So, these scenes were really benefiting from our friendships in that way since we were able to go places that worked with the story because of that. We were able to have those relationships. It's actually funny the kind of banter that they had and how snarky Roan became about it.
It's hilarious because my kids are now nine and seven, my older ones, and they, of course, have seen very little of my projects because so many of the things I've done are just so violent. So, I've always wondered at what age I would let my kids see some of my projects.
But with the quarantine going on, we're at the house a lot more, so we recently let some start seeing some stuff. We started out watching The Scorpion King: Book of Souls, which is PG-13, and they enjoyed that immensely. I got a lot of respect points around the house.
So, then they actually started watching The 100 Season 1 Episode 1 on Friday night, and they are almost done with that season because we're letting them do a little binge-watching at night, which we've never let them do before. It'll be interesting to see what they think, and I'm excited about that. It's just an interesting thing that they started to watch it. They love it.
And, of course, they know Bob and Eliza; we know a lot of people on the show, so they're like, "Bob looks so young!"
In addition to you working on the show with them, you have also created a convention with Bob Morley and Eliza Taylor. Conageddon is a The 100 focused convention that goes above and beyond for the fans. How has it been getting to create something like this?
What's so funny is that, literally, the idea for that came when we were at San Diego Comic-Con. We were chatting about how we do so many conventions, but we have so little control over anything and whether or not it's cool to the fans. We also mentioned, like, don't we feel bad because, essentially, people spend a lot of money, and if they have a terrible experience, we feel like we're part of that.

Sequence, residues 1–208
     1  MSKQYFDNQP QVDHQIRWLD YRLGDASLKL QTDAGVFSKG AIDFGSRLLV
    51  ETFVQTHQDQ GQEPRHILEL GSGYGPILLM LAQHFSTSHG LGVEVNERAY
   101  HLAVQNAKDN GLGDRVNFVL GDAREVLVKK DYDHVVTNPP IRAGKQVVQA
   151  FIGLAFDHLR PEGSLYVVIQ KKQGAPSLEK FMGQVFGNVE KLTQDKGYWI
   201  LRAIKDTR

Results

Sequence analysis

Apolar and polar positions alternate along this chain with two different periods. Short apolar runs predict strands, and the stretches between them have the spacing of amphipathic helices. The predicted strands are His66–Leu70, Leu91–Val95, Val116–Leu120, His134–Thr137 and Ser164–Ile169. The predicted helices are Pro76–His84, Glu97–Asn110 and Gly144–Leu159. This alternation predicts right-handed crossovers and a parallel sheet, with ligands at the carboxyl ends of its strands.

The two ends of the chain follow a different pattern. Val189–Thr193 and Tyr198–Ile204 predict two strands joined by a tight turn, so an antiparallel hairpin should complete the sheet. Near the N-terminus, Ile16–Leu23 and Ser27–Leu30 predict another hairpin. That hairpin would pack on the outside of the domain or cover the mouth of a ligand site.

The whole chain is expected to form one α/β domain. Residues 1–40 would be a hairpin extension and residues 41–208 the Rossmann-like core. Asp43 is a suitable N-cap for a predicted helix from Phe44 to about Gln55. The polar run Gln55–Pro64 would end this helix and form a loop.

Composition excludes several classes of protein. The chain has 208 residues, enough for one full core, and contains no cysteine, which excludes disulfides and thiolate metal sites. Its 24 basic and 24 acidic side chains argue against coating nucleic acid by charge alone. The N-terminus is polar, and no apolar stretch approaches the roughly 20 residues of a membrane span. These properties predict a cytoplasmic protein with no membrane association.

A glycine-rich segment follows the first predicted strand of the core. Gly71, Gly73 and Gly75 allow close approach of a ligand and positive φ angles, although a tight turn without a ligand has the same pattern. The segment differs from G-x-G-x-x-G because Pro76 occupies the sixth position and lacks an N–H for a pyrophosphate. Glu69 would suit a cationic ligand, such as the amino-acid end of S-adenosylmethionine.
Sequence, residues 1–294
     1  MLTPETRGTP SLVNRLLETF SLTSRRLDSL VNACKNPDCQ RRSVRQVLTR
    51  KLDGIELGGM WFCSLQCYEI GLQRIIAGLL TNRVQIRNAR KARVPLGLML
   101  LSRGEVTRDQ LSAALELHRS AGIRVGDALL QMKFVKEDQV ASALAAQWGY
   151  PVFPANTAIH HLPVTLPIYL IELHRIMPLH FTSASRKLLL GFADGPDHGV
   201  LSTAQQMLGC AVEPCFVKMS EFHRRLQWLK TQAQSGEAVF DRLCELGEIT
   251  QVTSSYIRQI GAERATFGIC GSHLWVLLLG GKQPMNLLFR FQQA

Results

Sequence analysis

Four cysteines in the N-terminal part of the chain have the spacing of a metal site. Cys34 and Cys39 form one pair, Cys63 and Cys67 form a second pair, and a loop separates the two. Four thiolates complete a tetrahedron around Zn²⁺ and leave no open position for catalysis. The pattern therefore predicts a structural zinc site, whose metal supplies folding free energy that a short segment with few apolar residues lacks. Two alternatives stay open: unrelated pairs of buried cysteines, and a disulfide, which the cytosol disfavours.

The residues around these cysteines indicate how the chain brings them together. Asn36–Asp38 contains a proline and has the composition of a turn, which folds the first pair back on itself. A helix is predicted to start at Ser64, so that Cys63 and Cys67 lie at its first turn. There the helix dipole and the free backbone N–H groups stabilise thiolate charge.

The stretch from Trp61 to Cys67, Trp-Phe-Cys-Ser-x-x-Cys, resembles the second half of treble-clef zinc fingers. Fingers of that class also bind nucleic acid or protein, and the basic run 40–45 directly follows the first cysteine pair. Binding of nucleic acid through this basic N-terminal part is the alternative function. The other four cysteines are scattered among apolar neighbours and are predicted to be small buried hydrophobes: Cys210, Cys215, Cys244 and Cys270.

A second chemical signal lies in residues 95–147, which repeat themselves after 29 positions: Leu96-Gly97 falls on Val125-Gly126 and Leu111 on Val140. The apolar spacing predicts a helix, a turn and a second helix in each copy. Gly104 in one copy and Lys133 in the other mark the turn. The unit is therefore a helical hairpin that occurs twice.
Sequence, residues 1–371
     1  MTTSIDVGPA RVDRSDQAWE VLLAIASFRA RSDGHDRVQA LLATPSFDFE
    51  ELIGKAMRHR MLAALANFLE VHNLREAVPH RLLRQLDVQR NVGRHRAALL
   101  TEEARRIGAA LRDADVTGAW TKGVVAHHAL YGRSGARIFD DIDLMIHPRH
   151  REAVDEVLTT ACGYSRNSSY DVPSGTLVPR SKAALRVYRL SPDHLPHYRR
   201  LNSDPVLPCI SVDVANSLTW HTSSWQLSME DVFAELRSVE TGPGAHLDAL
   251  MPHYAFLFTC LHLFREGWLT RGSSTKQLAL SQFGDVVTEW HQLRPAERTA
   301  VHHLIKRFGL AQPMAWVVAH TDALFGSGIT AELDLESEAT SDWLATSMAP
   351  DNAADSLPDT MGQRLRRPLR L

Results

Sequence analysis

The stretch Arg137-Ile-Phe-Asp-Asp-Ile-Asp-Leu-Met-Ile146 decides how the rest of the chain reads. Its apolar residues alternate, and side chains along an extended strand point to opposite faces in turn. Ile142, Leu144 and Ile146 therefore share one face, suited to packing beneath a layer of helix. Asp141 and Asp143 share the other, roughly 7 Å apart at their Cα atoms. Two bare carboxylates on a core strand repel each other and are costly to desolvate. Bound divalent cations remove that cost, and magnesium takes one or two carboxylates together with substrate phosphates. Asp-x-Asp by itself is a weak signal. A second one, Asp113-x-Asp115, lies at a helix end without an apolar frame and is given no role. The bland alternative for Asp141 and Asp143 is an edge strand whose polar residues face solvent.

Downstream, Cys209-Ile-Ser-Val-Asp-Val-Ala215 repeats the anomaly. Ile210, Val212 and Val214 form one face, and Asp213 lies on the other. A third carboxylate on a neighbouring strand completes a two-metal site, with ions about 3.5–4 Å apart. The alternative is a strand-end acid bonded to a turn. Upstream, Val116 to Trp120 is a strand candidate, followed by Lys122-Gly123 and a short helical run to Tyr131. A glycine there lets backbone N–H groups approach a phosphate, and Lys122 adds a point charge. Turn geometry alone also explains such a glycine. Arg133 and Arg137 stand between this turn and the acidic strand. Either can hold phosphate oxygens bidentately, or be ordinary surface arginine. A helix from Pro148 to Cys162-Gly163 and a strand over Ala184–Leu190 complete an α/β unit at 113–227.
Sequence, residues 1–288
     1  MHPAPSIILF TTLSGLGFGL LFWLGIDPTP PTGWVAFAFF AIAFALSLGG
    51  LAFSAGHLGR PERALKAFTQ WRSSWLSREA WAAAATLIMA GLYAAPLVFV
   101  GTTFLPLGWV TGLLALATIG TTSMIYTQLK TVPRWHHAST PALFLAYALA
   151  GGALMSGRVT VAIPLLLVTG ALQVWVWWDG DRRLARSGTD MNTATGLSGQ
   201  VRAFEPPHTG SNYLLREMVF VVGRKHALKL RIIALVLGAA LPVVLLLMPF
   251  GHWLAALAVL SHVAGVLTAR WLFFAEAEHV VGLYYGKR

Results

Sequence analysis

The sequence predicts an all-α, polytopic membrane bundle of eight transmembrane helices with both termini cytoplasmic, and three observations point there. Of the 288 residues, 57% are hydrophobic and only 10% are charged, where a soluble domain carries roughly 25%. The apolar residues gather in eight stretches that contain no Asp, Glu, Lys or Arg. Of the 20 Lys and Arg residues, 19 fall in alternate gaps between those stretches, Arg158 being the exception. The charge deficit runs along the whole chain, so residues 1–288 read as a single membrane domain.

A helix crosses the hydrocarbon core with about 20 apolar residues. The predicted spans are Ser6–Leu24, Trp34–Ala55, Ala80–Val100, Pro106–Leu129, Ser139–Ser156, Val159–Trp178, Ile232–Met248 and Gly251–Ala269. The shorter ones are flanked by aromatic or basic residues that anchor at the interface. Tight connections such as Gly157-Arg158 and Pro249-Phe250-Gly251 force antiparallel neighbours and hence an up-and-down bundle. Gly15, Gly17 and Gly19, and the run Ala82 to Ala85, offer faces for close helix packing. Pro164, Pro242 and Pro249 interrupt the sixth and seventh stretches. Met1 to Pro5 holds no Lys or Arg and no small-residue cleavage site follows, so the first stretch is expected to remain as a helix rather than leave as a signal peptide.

Basically, we turned that into the idea to just make one. So, we just did. It was one of those things where it just made a lot of sense. I mean, we were really hopeful after we postponed this year's to October 23rd-25th because of the coronavirus and making sure we do it all safely. We're hopeful that it will stay and be okay.
We have so much fun with it because we do get to actually say, "No, we should have a time where fans can just talk to us about anything."
So, we do it.
I have been to the convention, and I can tell you that fans really do find it to be so amazing.
We just try our best, because, in reality, we are all such down to Earth people, so we are just like, "Can't we just make it and be ourselves?"
You also have attended other cons, both before and after your time on The 100. What has it been like getting to meet the fans and to see their support in person?
There's really nothing better than that. In a world that seems so full of hatred, with all that we read in the media, and with everything that we always find ourselves bombarded with, it's really so amazing to know that there's so much love out there.
It's not even at the convention -- it's funny because a lot of my actor friends do all these big shows, but some of them are jealous of me because I'm recognizable. Probably because of my hair.
I can't go anywhere without a fan of The 100 or a fan of Black Sails coming up to me.
So, I'm constantly inundated with a little of that, regardless of whether I'm at a convention, so I am blessed in that way. Because I spent a lot of time traveling too, so it's almost like I have all these friends in the world that I don't know yet, but that are all around. It's really special.
It's actually been helpful to me in my regular life scenarios, times where I was somewhere new, and I didn't know anyone. Then all of a sudden, I was at a bar where there were a bunch of fans, and so that became me actually knowing people there.
It's never really been a bad thing; it's always just been such a blessing.
What is your favorite memory of being on The 100?
When you come onto a show as a guest star, you never know what you're gonna end up doing. But the fight between Roan and Lexa during The 100 Season 3 Episode 4 really stands out, especially all the stuff surrounding that.